Some FAQs on Military Base Closings

In the next two weeks, military communities across the country will learn whether the Pentagon wants to close their hometown bases, modify missions or leave them just the way they are.

Here are five things communities should know going into this week and next, based on background briefings given Friday at the National Press Club by congressional and defense staff members and military communities that lost bases in the four previous rounds.

  • When? The date for the list’s release was May 16, but federal publication rules would require the list to be actually published May 13, a Friday. The Pentagon does not want to release the list on Friday the 13th, a defense official acknowledged Friday. Reporters were advised to be ready on May 12, with a warning that the final decision on the date hasn’t been made. The commission that will make the final decisions will make its first appearances before Congress next week and will hold its first meeting, but the Pentagon list won’t be out until the following week.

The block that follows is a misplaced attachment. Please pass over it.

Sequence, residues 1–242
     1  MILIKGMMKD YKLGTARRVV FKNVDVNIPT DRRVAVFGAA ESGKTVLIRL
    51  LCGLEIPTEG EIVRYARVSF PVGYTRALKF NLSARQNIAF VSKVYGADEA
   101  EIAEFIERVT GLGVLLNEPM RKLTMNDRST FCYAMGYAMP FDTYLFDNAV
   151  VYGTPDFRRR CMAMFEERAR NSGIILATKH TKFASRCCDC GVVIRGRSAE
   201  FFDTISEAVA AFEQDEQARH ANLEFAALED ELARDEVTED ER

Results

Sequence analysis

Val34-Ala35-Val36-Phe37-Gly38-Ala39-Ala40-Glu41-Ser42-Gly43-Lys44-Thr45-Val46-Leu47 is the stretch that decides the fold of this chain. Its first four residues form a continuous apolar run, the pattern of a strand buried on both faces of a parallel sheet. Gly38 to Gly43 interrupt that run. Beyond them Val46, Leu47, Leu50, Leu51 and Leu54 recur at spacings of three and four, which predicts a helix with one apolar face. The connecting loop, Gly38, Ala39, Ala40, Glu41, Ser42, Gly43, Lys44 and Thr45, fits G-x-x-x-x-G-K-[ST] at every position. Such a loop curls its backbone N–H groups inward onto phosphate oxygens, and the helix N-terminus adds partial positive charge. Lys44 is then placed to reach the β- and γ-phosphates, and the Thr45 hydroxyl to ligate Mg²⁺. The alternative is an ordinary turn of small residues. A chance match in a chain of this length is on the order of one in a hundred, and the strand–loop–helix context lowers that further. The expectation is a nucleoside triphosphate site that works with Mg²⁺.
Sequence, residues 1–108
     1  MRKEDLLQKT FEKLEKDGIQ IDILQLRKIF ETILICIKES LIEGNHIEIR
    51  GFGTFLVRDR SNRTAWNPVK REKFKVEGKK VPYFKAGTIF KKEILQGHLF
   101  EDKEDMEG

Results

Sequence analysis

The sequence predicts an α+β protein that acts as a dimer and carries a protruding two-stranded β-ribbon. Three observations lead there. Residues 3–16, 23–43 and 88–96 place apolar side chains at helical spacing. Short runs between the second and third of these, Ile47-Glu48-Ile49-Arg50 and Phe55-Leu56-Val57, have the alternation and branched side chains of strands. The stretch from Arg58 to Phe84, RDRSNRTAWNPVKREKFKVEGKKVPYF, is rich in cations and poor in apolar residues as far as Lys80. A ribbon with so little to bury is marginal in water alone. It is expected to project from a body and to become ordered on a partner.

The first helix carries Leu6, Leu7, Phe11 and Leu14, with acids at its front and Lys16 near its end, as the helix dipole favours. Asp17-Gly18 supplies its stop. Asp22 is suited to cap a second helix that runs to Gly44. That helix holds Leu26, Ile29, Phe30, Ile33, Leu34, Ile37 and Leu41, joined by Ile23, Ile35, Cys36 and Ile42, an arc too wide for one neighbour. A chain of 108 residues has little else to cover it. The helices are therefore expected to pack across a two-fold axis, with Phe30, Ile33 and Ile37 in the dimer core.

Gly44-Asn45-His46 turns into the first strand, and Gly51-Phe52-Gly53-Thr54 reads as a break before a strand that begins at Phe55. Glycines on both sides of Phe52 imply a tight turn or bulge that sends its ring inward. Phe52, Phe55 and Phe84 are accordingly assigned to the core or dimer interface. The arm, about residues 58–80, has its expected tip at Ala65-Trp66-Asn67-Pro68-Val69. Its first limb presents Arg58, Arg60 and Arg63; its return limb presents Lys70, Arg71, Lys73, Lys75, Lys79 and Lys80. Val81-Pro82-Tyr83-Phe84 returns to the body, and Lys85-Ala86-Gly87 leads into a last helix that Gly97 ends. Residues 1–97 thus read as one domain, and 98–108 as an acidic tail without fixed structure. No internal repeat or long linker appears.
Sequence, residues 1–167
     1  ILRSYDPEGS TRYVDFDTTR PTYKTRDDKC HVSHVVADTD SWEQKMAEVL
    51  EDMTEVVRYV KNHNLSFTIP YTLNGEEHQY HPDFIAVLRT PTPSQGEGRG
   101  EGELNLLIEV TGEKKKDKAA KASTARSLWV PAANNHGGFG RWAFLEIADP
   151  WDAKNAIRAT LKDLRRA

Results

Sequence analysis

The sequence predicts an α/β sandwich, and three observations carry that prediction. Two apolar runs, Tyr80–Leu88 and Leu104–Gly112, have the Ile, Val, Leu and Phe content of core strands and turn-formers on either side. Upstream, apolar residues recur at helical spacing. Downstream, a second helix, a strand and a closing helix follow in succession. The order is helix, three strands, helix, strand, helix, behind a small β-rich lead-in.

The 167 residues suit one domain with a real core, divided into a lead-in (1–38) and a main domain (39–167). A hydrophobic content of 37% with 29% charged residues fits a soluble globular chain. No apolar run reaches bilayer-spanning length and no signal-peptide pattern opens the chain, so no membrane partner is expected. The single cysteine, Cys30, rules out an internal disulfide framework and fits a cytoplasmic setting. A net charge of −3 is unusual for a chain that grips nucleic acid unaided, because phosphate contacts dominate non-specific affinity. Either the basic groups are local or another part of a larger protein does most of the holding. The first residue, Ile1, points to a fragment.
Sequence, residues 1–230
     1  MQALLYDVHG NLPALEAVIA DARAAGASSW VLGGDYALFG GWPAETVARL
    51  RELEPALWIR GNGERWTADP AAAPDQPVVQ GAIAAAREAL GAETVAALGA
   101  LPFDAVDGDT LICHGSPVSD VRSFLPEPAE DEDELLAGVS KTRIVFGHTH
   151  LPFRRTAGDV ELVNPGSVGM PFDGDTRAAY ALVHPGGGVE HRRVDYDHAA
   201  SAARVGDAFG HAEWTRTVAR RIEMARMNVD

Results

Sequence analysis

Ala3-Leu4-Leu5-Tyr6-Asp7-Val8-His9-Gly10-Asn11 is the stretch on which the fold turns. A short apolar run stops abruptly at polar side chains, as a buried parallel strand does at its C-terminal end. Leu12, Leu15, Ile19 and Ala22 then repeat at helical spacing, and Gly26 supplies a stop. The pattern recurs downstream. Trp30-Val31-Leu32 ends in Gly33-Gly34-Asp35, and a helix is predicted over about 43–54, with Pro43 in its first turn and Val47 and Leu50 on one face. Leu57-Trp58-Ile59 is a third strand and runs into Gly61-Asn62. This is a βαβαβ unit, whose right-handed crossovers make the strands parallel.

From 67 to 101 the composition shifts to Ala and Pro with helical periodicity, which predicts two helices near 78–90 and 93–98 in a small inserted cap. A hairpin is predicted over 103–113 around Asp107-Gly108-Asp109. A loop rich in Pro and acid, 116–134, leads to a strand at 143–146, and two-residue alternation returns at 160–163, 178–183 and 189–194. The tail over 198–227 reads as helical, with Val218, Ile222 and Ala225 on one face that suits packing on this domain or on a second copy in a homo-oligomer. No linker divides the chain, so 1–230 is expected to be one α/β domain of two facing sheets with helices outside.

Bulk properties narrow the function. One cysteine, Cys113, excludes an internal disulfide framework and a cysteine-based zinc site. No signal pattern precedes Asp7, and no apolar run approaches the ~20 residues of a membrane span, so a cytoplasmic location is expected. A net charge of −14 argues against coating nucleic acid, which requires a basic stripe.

• Will local leaders get advance warning? Local base commanders might get a short advance warning _ perhaps as little as an hour _ or none at all. In previous rounds, the Pentagon made a “Hill drop” to representatives and senators a day before the formal announcements.
  • If a base is listed, how long before it will actually close? If the base is listed for closure in the final Sept. 8 recommendation, it then has up to two years to start shutting down; complete closure must take place within six years.
  • If a base is on the list, is there any way to get off the list? It’s expected to be more difficult to get off the list this round because of procedural changes. Officials said Friday that, historically, about 91 percent of bases recommended for closure have closed.
  • If a base isn’t on the list, is it safe? Most likely. Changes to procedure for this round make it very difficult for a base to be added by commissioners after the Pentagon releases its recommendations. In order for a base to be “added,” seven of the nine appointed commissioners would have to vote to add it.

On the day of the announcement, reporters will get a list of the bases recommended for closure at the end of a press briefing. At that time, the list will be posted online at

(Scripps Howard News Service correspondent Tara Copp can be reached at coppt(at)